4 Challenges to Expect When Leading an Illness Support Group
Posted Nov 03 2008 8:55pm
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4 Challenges to Expect When Leading an Illness Support Group
By Lisa Copen
After weeks, or even months, of planning for your support group, the time for your first meeting has finally arrived. You have prepared a proposal to start up a support group which has been approved by an organization or church. You have gathered items for a welcome package and have topic or speakers ready to go.
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So, you're meeting is sure to run perfectly, Right? Unfortunately, all the plans in the world cannot cancel out a few unforeseen situations. Below are four of the aggravations you may experience during those first few meetings. Knowing what hurdles you may encounter can help you be prepared in advance.
(1) Only a couple of people come.
How it feels: Disappointing. After all the work you put into it, not to mention the passion you feel about doing this, it seems like such a wasted to just have one or two people show up. Understand that this can be typical, especially at first, when everyone feels a bit intimidated. Try not to take it personally. To be honest, you are fighting an uphill battle in getting people to attend a chronic illness support group, because when people feel ill, they usually want to stay home, not go out and socialist. But when they are feeling well, they'd prefer to do something more fun then sit around and talk about their illness.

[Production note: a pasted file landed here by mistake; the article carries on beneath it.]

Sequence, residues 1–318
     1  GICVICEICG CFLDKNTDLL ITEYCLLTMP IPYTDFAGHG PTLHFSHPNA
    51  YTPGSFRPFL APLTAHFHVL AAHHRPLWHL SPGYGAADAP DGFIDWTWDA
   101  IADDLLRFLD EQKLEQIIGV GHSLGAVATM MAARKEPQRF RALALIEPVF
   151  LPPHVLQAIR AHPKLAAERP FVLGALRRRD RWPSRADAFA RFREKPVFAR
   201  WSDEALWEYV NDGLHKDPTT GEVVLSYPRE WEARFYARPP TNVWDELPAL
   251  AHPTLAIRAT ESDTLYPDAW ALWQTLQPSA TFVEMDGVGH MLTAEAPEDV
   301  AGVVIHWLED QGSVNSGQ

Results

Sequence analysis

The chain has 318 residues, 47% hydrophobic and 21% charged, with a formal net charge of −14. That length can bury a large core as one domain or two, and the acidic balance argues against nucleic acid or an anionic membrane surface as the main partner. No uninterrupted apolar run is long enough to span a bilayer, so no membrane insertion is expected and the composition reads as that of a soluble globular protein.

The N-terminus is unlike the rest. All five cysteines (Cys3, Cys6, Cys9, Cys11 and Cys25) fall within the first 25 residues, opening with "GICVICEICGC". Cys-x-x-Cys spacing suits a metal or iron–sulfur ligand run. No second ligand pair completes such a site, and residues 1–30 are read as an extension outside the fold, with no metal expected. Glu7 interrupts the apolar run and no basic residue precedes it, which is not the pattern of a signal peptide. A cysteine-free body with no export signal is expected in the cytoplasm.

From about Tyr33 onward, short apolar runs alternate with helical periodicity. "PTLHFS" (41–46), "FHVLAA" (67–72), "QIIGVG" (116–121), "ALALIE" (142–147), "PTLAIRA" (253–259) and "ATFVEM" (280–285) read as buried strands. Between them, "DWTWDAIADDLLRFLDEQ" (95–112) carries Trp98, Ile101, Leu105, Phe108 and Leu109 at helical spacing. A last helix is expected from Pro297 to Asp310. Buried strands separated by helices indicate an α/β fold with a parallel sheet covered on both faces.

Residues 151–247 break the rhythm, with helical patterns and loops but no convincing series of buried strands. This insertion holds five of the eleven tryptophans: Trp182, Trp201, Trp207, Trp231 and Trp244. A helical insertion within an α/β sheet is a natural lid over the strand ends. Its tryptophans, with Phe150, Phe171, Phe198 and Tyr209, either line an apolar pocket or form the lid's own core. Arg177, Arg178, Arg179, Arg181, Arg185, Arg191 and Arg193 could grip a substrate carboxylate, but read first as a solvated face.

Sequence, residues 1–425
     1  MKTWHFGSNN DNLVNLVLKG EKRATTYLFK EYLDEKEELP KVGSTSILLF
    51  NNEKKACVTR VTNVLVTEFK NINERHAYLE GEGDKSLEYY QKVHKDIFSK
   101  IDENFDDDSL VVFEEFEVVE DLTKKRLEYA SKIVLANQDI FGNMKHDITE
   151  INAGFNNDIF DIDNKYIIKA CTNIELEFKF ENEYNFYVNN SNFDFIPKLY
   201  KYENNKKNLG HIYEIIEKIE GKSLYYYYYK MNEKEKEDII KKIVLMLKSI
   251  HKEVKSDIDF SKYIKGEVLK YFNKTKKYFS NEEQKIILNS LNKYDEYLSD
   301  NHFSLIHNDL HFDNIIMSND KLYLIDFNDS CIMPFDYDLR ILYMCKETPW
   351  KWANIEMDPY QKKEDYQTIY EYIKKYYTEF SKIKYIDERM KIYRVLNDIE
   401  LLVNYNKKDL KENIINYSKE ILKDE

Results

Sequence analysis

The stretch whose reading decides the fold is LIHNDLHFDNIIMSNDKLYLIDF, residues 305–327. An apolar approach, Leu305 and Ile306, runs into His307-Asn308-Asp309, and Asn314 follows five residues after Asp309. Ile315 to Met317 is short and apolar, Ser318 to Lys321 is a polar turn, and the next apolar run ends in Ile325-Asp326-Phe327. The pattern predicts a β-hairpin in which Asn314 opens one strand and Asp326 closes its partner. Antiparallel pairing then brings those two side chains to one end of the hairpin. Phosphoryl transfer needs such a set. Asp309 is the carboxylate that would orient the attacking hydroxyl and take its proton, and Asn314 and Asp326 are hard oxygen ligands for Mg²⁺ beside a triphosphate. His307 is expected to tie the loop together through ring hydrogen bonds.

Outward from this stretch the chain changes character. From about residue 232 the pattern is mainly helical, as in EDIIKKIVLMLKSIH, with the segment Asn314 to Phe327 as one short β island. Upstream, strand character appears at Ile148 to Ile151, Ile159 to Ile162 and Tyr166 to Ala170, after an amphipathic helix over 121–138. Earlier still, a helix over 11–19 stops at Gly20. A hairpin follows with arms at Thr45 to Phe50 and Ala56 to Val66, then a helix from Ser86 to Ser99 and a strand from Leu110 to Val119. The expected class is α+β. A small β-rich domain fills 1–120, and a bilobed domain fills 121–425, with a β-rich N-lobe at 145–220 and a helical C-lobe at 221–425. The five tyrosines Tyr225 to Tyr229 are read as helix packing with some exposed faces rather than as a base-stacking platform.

What to do: A good motto to remember is, "Hope for the best and prepare for the few." The founder of HopeKeepers, which is a Christian support group program for the chronically ill, agrees. "It can be such a disappointment when you feel God leading you to start a group and then only one person shows up. But from personal experience I can say that God knows what He is doing and may have planned it that way! The first time I had only one woman come to a HopeKeepers meeting, we ended up having an amazing conversation. Later she disclosed that she was extremely leery about attending and probably wouldn't have spoken at all if other people had been there."
Also, keep an outline of your lesson, and even include what kinds of topics people shared. This way you can easily "repeat" the meeting with little preparation as a follow up. You may want to call people and, without pressuring them, ask if there is anything that you can do to make it easier for them to attend. Do they need a ride? What is typically a good time of day for a meeting?
(2) Your lesson plan is completely ignored.